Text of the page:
Dish up the flavour of the month
London’s bustling Borough Market and its spectacular seasonal produce are the inspiration for a new book. Pip Sloan enjoys a taste
When the food writer Ed Smith moved to the capital in 2007 one of the first trips he made was to Borough Market in south London. He bought cheese from Neal’s Yard Dairy, and a roasting joint from the butcher’s. Ever since then, Smith has immersed himself in the life of the market, becoming a regular contributor to its monthly magazine, a recipe writer for its website, and running cookery demonstrations at the market’s teaching kitchen, stopping short – only just – of setting up a produce stall himself.
He visits every week to shop at the historic food market by the Thames, and so when it came to penning a cookbook that captured the spirit of the area, Smith was the perfect choice. “Its aim is to celebrate the uniqueness of the market and its traders,” he tells me, “while inspiring cooks to shop inquisitively and to bring seasonal produce back to their kitchens.” The book’s recipes, gathered for spring, summer, autumn and winter, illustrate Smith’s own approach to eating seasonally. They star ingredients that are “at their peak at that particular time of year, but also those you really crave” in that moment. “Right now,” he says, “I want soups, tray-bakes, and dishes I can sink into, using ingredients like artichokes, brassicas and wild mushrooms.”
Woven through the recipes are profiles of Borough’s traders, many of whom have worked there for decades and have become the fabric of the market. “We wanted to explain why their produce is so vital, and share snippets of their routines. They make the market come to life.”
For those of us who don’t have Paul Day’s Sussex Fish counter on our doorstep, the book remains a prompt to support local stars. “The country is brimming with fantastic producers,” says Smith. “Seeking out them and their ingredients might just inspire you to make something different.”
The Borough Market Cookbook by Ed Smith is published by Hodder & Stoughton (£25). To order your copy for £20 go to books. telegraph.co.uk or call 0844 871 1514
Melt the butter in a large, heavy-based saucepan over a medium heat. Add the onion, leek, and a pinch of flaky sea salt and cook for four to five minutes until softened but not coloured, stirring frequently.
Put the chunks of artichoke and peeled potato in the saucepan, along with the thyme leaves, garlic and parmesan rind (if using).
Reduce the temperature to low, place a lid on top and cook gently for 15 minutes, stirring occasionally. Pour the stock into the pan and simmer for a further 30 minutes until the artichokes are completely soft. Use a hand-held blender, food processor or stand blender to purée the soup until velvety smooth.
Just after the artichoke and potatoes are added to the saucepan, toss the vegetable peelings in the vegetable or sunflower oil then scatter them over a baking tray in one layer – use a fork to spread the peelings out so they roast and crisp up, rather than clump and become soggy. Place towards the top of the hot oven and roast for 10-15 minutes until golden and crisp, shuffling them around after about eight minutes. Remove, sprinkle with lots of salt and a few drops of hazelnut oil, mix, and try to avoid eating them before the soup is ready.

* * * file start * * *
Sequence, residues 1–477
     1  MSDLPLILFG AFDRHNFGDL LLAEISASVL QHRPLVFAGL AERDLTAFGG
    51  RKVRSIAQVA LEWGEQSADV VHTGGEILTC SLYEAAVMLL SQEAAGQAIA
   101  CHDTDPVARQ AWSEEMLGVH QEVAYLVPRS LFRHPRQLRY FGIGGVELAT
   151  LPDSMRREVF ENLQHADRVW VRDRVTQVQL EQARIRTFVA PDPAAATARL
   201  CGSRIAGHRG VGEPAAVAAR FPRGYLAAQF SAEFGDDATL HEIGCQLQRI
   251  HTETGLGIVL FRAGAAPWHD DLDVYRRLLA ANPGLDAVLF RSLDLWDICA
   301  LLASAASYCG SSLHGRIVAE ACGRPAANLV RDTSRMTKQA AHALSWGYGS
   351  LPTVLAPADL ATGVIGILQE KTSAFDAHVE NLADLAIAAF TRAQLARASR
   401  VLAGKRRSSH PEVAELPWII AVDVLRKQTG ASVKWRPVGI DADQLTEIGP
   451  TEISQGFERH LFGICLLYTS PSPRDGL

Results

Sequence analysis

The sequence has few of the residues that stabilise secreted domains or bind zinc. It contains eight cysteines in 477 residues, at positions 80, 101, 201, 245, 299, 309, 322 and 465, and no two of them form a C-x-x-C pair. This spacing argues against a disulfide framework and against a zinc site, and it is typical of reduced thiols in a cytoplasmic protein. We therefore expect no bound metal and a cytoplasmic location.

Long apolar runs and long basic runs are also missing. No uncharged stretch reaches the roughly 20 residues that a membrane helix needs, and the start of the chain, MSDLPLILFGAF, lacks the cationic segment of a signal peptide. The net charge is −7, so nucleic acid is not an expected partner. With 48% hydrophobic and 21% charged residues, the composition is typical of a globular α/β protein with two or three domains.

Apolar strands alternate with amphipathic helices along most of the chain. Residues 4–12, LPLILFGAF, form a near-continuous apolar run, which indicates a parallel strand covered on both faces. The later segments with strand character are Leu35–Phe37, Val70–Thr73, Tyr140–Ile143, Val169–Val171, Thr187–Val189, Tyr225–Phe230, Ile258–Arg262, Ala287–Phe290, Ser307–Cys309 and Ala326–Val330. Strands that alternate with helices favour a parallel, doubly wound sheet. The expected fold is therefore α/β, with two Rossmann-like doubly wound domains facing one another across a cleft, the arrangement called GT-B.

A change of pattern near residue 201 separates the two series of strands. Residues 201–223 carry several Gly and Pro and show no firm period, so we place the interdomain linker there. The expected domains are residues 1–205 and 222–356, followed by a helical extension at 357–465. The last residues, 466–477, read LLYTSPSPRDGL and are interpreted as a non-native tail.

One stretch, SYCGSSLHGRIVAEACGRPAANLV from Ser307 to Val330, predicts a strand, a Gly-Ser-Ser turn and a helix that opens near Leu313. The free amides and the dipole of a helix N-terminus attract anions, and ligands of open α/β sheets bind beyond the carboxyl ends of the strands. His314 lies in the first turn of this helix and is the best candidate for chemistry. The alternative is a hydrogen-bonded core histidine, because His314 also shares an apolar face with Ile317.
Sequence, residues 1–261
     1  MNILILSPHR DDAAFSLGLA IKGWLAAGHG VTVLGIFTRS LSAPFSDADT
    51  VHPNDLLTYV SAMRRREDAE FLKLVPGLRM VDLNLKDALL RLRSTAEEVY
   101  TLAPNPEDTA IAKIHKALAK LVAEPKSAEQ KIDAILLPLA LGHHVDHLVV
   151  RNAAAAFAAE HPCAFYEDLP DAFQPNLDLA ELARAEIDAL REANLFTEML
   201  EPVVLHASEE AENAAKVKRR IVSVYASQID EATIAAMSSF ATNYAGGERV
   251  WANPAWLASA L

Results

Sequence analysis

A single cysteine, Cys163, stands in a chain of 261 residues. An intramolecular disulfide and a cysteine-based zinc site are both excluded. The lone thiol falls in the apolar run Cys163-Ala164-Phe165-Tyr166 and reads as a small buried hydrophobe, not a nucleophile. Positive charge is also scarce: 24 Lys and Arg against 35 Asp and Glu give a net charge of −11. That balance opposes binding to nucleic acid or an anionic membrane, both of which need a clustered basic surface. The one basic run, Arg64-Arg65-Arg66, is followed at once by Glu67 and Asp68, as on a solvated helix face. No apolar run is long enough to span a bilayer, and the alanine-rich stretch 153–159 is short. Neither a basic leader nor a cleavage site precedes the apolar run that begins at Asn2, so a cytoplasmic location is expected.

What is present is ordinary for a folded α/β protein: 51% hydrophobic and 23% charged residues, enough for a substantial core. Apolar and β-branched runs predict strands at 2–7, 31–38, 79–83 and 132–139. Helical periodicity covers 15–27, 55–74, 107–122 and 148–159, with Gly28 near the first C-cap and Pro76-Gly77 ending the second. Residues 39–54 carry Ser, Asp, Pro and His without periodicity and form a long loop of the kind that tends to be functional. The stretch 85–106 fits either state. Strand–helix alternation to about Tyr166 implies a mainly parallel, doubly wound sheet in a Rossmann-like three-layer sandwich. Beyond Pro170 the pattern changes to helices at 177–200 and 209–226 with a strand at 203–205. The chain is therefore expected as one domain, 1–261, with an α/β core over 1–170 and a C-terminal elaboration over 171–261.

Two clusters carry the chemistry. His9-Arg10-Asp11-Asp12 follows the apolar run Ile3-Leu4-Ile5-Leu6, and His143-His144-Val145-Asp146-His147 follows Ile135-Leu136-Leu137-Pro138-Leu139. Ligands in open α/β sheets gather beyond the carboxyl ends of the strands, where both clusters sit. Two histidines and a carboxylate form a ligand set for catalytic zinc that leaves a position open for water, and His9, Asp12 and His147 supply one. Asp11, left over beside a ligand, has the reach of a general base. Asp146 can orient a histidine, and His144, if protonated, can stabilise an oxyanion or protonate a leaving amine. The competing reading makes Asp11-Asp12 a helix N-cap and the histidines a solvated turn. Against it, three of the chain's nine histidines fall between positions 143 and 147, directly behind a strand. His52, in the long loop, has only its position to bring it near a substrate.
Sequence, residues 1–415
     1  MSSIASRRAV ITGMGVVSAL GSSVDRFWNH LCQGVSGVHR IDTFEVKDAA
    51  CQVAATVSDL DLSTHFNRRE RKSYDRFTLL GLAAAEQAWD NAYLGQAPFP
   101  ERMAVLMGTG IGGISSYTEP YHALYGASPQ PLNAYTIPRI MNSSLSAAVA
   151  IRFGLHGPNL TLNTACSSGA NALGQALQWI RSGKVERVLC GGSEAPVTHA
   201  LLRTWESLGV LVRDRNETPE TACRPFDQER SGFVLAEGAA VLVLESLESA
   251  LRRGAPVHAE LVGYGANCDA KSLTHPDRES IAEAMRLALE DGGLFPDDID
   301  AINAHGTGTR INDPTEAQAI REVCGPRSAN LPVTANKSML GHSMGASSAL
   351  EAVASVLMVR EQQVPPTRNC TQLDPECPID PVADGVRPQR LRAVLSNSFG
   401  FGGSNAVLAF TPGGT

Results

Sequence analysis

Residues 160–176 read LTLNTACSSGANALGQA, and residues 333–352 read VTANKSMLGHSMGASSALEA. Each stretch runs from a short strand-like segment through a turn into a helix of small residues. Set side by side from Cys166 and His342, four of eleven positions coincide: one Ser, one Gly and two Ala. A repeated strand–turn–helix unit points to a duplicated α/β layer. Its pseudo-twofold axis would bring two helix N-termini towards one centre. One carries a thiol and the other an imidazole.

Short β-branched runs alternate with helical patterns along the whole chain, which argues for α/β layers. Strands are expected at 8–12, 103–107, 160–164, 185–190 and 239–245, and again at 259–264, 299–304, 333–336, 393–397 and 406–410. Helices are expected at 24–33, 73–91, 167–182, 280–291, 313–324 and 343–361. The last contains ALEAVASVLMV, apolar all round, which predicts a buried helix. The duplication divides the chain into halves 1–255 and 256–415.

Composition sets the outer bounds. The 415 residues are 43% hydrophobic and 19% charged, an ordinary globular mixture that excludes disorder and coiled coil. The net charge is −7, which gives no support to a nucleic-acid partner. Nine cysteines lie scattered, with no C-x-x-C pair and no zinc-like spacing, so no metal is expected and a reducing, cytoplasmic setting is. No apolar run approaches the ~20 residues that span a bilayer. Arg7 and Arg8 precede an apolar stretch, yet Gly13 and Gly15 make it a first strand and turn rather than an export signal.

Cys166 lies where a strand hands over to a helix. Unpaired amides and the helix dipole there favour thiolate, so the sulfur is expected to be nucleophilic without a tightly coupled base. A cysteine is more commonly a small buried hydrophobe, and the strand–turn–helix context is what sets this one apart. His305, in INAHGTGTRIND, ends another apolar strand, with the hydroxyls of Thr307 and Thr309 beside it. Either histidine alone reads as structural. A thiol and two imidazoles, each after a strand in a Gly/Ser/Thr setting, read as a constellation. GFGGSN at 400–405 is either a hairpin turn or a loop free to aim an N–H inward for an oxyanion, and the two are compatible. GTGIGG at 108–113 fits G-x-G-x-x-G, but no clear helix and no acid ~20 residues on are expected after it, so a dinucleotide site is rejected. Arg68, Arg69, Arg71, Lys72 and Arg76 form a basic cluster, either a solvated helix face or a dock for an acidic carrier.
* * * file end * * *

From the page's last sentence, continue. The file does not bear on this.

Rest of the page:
Check the soup is at a desirable consistency – it should be neither too watery nor thick like a purée; cook to evaporate liquid or add a splash more as necessary. Once happy, season generously with salt and black pepper and serve with a dollop of crème fraîche and generous swirl of hazelnut oil in each bowl, plus a scattering of chives or parsley (if using) and a handful of the peeling crisps. Slice the reserved whole artichokes very thinly (with a mandolin if you have one), and add a few to each bowl to garnish.
100g unsalted butter at room temperature
90g caster sugar
100g plain flour, sifted
1 tsp baking powder
1 tsp ground ginger
10 sage leaves
6 plump fresh figs
2 tbsp warm water
3 tbsp raw honey
150g full-fat crème fraîche, to serve
Preheat the oven to 200C/180C fan/Gas 6 and line a baking tray with baking parchment or a silicon mat.
Cream the butter with the sugar in a bowl using the back of a wooden spoon. Add the remaining ingredients, mix well and refrigerate for 20 minutes. Roll a walnut-sized teaspoon of biscuit dough quickly in your hands to make a ball, then repeat to make six balls (using half the biscuit dough). Space them evenly on the baking tray. The biscuits spread significantly, so don’t be tempted to cram more on. Bake in the oven for eight minutes, until they have flattened and started to turn golden. Remove, leave to cool and harden on the tray for five minutes, then slide them off the tray with a palette knife. Repeat the process with the remaining biscuit dough. Store in an airtight container until required.
To cook the figs, preheat the oven to 200C/180C fan/ Gas 6. Put four of the sage leaves in the base of an ovenproof dish that will fit the six figs snugly. Cut a cross into each fruit from the stalk to two thirds of the way down. Squeeze each fig at its base to encourage the centre to present itself and slot a sage leaf in each of them. Place the figs in the dish. Mix the honey with two tablespoons of warm water and pour it in and over the figs. Bake the figs in the oven for 15-20 minutes, basting them with the honey and fig juices after 10 minutes. They should be soft and sticky, but still intact.
Carefully decant the figs into bowls. Pour a couple of spoons of juice over the top of each fig and serve with a generous dollop of crème fraîche and two ginger butter biscuits per person.
MARKET FORCES Smith, left; and recipes from his new book, right and below